Or maybe Alan Gilbert doesn’t get around

Here’s another view of the Alan Gilbert/Death videos that I raved about so strongly in an earlier post. To clarify the context — and to put myself squarely in the bullseye of the criticism raised here — I’ll recall that liked these videos (which advertised the New York Philharmonic’s performances of Ligeti’s Le grand macabre) so much that I said this about them:

If everyone in

classical music put out material like this, the field might be reborn tomorrow.

And now comes this comment to my post, from Phyllida Law, which says the following. (Since comments are public, I feel free to repeat them in my posts.)

I completely agree that classical music marketing needs a kick up the pants but the trouble I see with the Alan Gilbert videos is twofold:

1. The humour, such as it is, on display in the clips has nothing whatsoever to do with the Berlioz and anyone drawn in to attending a performance on the basis of this is liable to be alienated or disappointed, and put off any future forays.

2. Gilbert comes off looking like exactly the kind of nice but nerdy character, albeit a good sport, that most non-classical music lovers assume most classical musicians are. The Rite of Spring joke is a complete insider joke and the acting in the rest is true high school geek acting.

I don’t mean to be a downer about these genuinely original attempts to lure new audiences to an already daring programming venture but there is a terrible risk in all marketing of raising too high, of just wrong, expectations. Audiences of any ad don’t like to feel they’ve been duped. Maybe you’ll get one or two converts, taken by surprise by Ligeti.
But I’m not surprised a classical music lover – you, Mr Sandow — who
also wants to see his world safe in a youtube universe, excited about this advertising. You are exactly who the ads will appeal to most, and you were probably going to go anyway.

Touché to that last point, which, now that it’s been made to me, seems clearly true, even obvious. My excitement could well have been premature, especially in light of the performance itself, which I’ll talk about in a future post. And also since an important part of putting something on YouTube, for me, is the viral marketing plan that goes along with the video — that is, the plan to create some excitement among a particular target audience online. Did the Philharmonic have a plan like this? That could be the subject of a future discussion.

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  1. says

    Why should all classical music marketing have to focus on winning the hearts and minds of those who have little organic interest in it? These videos are a great communication to a seriously underappreciated demographic: the youngish person who likes classical music already and likes developing their interest in it. Maybe they know who Ligeti is, but don’t have a professional’s knowledge of his output. And unlike the subscription audience, they are putting a lot of thought into how to spend their classical music dollar and are open to guidance and inspiration.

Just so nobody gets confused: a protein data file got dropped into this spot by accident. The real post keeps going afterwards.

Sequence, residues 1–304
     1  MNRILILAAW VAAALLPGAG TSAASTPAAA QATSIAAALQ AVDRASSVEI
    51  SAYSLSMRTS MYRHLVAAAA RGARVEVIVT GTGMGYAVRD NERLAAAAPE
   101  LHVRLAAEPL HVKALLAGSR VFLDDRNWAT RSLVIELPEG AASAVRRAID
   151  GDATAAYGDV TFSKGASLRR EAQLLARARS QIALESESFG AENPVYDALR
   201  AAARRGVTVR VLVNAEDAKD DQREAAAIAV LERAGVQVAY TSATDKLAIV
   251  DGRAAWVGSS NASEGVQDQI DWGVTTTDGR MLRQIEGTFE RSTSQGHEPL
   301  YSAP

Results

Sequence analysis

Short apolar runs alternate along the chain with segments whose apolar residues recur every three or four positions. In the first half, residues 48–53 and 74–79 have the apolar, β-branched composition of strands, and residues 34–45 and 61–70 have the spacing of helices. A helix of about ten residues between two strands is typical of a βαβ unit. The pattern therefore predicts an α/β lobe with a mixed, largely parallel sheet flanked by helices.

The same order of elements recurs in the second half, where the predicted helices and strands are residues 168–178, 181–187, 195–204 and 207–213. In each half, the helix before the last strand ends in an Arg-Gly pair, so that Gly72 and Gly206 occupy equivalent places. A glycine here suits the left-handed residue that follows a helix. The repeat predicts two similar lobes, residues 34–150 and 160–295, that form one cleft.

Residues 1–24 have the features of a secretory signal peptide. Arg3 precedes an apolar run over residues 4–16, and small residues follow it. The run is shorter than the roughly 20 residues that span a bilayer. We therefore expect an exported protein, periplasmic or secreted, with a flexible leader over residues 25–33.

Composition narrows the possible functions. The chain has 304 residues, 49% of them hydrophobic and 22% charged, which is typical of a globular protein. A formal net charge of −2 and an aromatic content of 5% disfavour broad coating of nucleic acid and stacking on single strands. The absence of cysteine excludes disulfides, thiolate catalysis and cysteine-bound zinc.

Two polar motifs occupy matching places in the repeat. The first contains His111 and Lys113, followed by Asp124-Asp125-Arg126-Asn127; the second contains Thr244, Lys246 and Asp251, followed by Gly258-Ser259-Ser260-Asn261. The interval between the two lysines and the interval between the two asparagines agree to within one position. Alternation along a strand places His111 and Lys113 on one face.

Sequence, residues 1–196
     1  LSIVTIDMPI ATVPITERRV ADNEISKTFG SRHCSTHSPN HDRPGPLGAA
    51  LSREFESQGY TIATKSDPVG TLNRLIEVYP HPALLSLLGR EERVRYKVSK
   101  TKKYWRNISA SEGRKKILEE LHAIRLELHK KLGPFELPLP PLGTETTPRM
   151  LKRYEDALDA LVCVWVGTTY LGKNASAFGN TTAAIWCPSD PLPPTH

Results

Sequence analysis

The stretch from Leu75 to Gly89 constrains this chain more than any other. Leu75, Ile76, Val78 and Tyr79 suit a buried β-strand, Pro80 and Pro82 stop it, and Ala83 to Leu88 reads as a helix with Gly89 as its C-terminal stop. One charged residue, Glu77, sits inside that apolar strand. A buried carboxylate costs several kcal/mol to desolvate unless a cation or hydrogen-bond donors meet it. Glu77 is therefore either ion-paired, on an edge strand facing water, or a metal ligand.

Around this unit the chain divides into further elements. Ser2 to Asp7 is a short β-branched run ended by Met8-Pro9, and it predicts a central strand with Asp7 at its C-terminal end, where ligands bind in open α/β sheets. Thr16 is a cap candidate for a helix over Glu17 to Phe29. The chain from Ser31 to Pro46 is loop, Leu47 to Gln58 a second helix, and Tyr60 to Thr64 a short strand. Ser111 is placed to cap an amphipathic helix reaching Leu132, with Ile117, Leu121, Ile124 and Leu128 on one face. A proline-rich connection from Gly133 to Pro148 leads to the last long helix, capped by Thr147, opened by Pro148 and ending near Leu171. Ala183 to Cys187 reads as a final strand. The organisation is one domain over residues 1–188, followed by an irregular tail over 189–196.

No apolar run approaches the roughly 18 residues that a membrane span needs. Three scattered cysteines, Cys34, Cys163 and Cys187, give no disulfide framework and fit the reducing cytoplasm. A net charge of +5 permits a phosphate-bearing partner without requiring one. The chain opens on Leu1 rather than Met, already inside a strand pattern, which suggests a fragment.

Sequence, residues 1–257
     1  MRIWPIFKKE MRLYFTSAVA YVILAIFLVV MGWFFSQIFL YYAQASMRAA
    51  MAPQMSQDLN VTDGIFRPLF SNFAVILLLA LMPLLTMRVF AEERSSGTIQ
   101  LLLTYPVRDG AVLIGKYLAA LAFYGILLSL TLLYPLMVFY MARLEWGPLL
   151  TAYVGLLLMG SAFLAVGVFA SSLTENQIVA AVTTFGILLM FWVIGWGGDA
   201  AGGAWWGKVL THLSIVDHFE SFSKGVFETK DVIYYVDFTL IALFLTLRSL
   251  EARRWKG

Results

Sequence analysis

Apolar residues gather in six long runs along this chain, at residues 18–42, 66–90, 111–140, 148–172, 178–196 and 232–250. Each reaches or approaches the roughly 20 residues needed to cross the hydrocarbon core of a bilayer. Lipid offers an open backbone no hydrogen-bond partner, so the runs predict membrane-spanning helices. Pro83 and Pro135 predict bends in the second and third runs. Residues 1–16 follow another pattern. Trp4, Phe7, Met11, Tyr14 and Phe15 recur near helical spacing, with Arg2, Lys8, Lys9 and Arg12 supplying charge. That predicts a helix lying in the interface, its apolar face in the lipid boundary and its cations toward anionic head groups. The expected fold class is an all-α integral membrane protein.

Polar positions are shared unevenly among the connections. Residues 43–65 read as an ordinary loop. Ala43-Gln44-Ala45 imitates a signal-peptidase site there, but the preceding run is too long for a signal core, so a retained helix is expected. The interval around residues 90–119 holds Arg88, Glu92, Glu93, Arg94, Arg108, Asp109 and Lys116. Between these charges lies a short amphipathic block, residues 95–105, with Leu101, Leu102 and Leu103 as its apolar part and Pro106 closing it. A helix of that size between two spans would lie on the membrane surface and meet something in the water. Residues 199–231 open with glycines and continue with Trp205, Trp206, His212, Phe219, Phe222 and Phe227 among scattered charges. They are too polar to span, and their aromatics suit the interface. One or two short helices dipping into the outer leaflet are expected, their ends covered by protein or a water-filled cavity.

Most classical music marketing is not directed toward this consumer: it treats the music like an expensive wristwatch, a twee yuppie status symbol, or some kind of terribly imperfect substitute for primetime television (Sex! Torture! Murder! What happens when Tosca gets pushed to the edge????). None of this appeals to the concergoer who is interested in actually liking the music for what it is.

    But funny little viral videos like this, approaching the music in a way that is humorous, but knowing, speaks in the same language this concertgoer does and catches their eye. He or she understands what Ligeti is about, or would with about two seconds of context. They aren’t going to be upset that the concert didn’t turn out to be a bunch of sketches with a dude in a grim reaper costume. But, that’s what separates good marketing that knows its audience from a pamphlet patiently explaining your potential concert experience is all about, no?

    Bottom line: this marketing thing doesn’t have to be one size fits all. Why dismiss one approach just because it misses the lowest common denominator segment of the audience?

  2. says

    In February of 2009 I conducted the Japanese premiere of “Le Grand Macabre” at the National Theater in Tokyo in full-production to a crowded hall for 2 performances AND without resorting to any gimmicks. I have always maintained that GIMMICKS DO NOT WORK. Full stop!!! They are nothing but self-abuse of the elevated art of music and ironically are ineffective, just as Ms Laws points out in her comments. I am sorry but I find all that obsession with marketing a dead-end, driven by desperation of a political system that refuses to support the arts in a meaningful way unconditionally!

    Based on personal experience and observation I am convinced that audiences -includig those in the USA- do not like to be looked down at and do not appreciate it. On the contrary, they like to feel proud of being part of someting SPIRITUAL and ELEVATED. “Le Grand Macabre” is one of the cornerstones of 20th Century classical music and a unique effort in that art, and it should be presented as such to the potential listeners UNAPOLOGETICALOLY. Sincerely, U. Segal